Very little is known about this minor event. It was raced in four classes, class winners being Chambost (Salmson), Falchetto (Amilcar), Toselli (Bugatti) and Miquel (Bugatti).
Robert Schlumberger had a fatal accident during practice.
Vaucluse is the department in southeast France where Avignon is situated. The event was arranged by the Moto Club d'Avignon and took place on a circuit in Réalpanier, some 3 km
east of the downtown Avignon, in front of 30,000 spectators. The event clashed with the Marne Grand Prix and the Spa 24-hour touring car race.
Apart from 125cc, 175cc, 250cc, 350cc, 500cc and sidecar motorcycle races there were car racing in four classes as well, all classes probably starting together but then flagged off
at different laps.
Hardly anything apart from start lists and results are known about this race. Robert Schlumberger had a fatal accident during practice. He died when his car tumbled over.
There were nine starters and four finishers in the smallest class for unsupercharged cars up to 1.1 litre and supercharged cars up to 750cc. Albert Chambost in his Salmson was the
winner by over a lap over Henri Durand in a Rally.
Benoit Falchetto with an Amilcar was the winner of the 1500cc unsupercharged or 1100cc supercharged class. He took the flag, just 0.2 seconds in front of Reveiller, also in an Amilcar.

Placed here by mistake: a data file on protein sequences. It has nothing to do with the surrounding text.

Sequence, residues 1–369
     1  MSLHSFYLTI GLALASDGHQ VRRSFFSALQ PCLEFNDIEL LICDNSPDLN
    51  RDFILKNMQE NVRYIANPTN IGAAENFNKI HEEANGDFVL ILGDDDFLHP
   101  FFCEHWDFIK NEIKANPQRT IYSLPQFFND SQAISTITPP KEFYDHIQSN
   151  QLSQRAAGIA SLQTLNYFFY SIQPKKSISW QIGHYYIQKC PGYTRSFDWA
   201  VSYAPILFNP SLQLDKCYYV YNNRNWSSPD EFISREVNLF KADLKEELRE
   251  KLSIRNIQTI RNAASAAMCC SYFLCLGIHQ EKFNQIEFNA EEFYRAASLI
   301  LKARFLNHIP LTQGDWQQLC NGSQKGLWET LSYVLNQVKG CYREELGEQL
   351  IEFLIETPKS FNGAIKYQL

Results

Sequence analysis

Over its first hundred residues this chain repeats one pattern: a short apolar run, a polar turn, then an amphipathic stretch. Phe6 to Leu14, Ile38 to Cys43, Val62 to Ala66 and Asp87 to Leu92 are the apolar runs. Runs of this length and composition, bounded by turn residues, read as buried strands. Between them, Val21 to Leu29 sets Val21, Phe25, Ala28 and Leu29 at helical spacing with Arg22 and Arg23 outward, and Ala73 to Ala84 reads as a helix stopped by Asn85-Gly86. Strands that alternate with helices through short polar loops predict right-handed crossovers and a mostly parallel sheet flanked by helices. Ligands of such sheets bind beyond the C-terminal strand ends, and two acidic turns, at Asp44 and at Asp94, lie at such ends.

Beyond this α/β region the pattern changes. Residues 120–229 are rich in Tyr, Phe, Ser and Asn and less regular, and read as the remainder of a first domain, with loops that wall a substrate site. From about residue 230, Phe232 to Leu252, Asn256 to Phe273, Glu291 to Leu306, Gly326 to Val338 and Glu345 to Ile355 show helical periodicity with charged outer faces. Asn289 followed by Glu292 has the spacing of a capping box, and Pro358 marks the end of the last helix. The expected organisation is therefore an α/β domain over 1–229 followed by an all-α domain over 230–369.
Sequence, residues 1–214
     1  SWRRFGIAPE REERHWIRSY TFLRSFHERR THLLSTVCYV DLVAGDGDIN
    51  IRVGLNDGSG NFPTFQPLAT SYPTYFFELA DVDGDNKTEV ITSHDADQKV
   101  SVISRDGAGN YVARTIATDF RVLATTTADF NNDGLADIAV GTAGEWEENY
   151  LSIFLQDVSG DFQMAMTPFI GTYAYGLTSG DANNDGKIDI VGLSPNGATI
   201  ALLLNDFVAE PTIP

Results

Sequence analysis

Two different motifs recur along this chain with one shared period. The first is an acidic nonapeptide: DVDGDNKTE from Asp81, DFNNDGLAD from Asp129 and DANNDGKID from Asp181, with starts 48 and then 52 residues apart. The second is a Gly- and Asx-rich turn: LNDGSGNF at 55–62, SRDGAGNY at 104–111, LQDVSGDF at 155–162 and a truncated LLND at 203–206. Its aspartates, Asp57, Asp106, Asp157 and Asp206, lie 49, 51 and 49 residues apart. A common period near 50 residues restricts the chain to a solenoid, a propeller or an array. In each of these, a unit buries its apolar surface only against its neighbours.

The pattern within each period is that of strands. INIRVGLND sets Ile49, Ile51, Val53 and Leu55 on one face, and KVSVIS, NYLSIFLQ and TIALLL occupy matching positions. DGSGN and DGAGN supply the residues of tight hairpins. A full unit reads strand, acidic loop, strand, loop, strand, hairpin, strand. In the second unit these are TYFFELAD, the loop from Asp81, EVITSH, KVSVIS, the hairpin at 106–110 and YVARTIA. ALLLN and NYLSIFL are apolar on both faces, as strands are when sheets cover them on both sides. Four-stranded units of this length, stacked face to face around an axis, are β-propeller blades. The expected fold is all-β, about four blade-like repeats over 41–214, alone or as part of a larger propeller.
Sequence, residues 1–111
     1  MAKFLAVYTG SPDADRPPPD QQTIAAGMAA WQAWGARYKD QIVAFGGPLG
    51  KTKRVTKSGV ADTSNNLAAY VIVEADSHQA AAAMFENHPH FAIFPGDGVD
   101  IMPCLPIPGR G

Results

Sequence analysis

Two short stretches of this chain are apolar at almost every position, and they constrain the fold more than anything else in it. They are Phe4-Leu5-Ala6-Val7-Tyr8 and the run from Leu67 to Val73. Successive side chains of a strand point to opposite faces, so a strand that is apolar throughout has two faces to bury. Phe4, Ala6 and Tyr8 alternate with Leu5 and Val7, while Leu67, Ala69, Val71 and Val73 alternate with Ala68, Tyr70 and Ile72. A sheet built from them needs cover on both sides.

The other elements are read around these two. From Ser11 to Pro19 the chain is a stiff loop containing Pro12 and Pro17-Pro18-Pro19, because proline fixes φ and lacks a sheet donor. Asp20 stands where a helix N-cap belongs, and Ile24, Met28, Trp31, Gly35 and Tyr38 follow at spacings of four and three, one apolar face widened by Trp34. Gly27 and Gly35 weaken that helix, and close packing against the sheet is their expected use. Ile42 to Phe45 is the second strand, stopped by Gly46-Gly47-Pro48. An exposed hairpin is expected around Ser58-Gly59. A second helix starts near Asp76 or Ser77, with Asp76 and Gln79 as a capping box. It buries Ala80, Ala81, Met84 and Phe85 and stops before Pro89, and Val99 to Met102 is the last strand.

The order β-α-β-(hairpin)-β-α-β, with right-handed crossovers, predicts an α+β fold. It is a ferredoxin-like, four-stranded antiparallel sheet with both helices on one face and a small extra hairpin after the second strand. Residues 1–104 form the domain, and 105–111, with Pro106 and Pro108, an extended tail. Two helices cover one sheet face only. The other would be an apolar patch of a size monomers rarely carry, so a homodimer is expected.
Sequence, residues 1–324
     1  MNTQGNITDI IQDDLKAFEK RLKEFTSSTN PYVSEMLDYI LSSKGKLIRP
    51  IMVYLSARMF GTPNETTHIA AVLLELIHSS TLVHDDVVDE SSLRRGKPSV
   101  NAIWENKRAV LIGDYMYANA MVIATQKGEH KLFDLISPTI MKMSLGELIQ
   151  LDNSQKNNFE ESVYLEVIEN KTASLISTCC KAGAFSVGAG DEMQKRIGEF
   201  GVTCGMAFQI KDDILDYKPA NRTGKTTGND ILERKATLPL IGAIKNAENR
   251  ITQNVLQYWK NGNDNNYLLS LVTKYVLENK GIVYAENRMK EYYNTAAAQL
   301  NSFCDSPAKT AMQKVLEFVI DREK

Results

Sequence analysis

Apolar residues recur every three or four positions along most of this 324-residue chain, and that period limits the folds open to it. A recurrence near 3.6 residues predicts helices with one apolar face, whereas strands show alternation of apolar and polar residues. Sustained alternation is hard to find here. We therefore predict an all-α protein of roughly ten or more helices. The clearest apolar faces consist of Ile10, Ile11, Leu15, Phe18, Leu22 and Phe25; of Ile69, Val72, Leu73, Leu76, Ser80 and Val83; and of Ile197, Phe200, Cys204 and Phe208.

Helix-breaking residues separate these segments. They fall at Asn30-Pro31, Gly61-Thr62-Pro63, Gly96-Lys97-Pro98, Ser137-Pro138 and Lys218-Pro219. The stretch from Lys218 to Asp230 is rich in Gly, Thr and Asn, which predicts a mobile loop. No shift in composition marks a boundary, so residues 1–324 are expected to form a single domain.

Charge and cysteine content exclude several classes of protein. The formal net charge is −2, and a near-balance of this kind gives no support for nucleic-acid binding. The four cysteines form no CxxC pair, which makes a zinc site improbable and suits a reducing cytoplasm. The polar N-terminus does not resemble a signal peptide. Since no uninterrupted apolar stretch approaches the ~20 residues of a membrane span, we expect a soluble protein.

Frédéric Toselli with his voiturette Bugatti made an impression during the race, making the fastest lap several times and taking the flag 5 seconds in front of Miquel in his 2 litre
Bugatti. Of course Miquel, racing in the highest class, then had to race for two more laps before taking the chequered flag some six minutes later while Langöele, the man Toselli
really was competing against, took second position in the class 16 seconds behind Toselli.
Obviously Miquel was the only driver to finish in the largest class with cars up to 3 litres as Pierre Ray had to retire his Bugatti.
|1.||Raymond Chambost||A. Chambost||Salmson||1.1||S-4||15||52m37s|
|2.||Henri Durand||H. Durand||Rally||-SCAP||1.1||S-4||14||52m29s|
|4.||Marceau Bernard||M. Bernard||Rosengart||-Austin||0.7||S-4||13||54m35s|
Fastest lap: Albert Chambost (Salmson) in 3m25s = 87.3 km/h (54.3 mph)|
Winner's medium speed: 85.1 km/h (52.8 mph)
|1.||Benoît Falchetto||B. Falchetto||Amilcar||1.1||S-6||18||55m25.2s|
Fastest lap: Reveiller (Amilcar) in 2m57s = 101.1 km/h (62.8 mph)|
Winner's medium speed: 96.9 km/h (60.2 mph)
|1.||Frédéric Toselli||F. Toselli||Bugatti||T37A||1.5||S-4||20||57m55.2s|
|2.||Jean Langöele||J. Langöele||Bugatti||T37A||1.5||S-4||20||58m11.0s|
|3.||L. Abit||L. Abit||Bugatti||T37A||1.5||S-4||20||58m46.0s|
|4.||M. Lamy||M. Lamy||Bugatti||T37A||1.5||S-4||20||1h00m54.0s|
Fastest lap: F. Toselli in 2m49.0s = 105.9 km/h (65.8 mph)|
Winner's medium speed: 103.0 km/h (64.0 mph)
|1.||François Miquel||F. Miquel||Bugatti||T35C||2.0||S-8||22||1h03m36.2s|
|DNF||Pierre Rey||P. Rey||Bugatti||T35C||2.0||S-8|
Fastest lap: F. Miquel (Bugatti) in 2m49.0s = 105.9 km/h (65.8 mph)|
Winner's medium speed: 103.2 km/h (64.1 mph)
Apart from Paul Sheldon's A Record of Grand Prix and Voiturette Racing Volume II the only sources I could find was a short article without car results in the magazine
Petit Nicois and a results list of class winners with speeds in L'Eclaireur de Nice.